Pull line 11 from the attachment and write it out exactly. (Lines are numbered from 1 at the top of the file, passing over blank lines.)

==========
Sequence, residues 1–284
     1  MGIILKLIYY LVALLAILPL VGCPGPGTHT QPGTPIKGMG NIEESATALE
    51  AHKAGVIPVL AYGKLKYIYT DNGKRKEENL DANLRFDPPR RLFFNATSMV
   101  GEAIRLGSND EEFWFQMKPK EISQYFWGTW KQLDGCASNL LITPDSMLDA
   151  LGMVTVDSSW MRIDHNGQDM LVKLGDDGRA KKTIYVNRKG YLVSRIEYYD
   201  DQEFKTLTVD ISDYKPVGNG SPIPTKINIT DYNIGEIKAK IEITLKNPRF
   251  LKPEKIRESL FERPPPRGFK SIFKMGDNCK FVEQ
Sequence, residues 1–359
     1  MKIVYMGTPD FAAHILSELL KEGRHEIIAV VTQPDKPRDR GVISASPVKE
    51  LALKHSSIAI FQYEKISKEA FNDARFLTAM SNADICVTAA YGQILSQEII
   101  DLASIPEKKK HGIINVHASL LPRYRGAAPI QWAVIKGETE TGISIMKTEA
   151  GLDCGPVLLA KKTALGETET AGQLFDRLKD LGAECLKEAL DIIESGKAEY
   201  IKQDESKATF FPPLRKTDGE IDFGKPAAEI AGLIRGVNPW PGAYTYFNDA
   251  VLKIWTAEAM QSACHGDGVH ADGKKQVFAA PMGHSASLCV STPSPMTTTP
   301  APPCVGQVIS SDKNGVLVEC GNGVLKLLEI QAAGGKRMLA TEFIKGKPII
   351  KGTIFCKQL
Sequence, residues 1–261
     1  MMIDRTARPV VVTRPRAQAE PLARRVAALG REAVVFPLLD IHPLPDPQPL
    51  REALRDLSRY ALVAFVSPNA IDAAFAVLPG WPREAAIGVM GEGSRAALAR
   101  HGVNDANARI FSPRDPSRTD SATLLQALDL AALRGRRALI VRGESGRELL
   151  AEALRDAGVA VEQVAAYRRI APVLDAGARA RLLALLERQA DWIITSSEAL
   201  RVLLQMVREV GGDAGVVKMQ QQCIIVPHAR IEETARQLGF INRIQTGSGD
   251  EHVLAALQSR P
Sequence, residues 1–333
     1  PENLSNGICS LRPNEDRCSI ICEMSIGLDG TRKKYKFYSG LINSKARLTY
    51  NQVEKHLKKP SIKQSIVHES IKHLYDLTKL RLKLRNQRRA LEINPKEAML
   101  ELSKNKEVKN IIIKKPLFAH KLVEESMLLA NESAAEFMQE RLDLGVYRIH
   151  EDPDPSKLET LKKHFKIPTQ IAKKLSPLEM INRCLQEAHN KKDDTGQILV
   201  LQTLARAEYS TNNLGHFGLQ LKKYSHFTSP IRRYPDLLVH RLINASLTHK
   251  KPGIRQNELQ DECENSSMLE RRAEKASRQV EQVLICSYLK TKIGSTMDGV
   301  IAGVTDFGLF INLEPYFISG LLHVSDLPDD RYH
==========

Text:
   101  DLASIPEKKK HGIINVHASL LPRYRGAAPI QWAVIKGETE TGISIMKTEA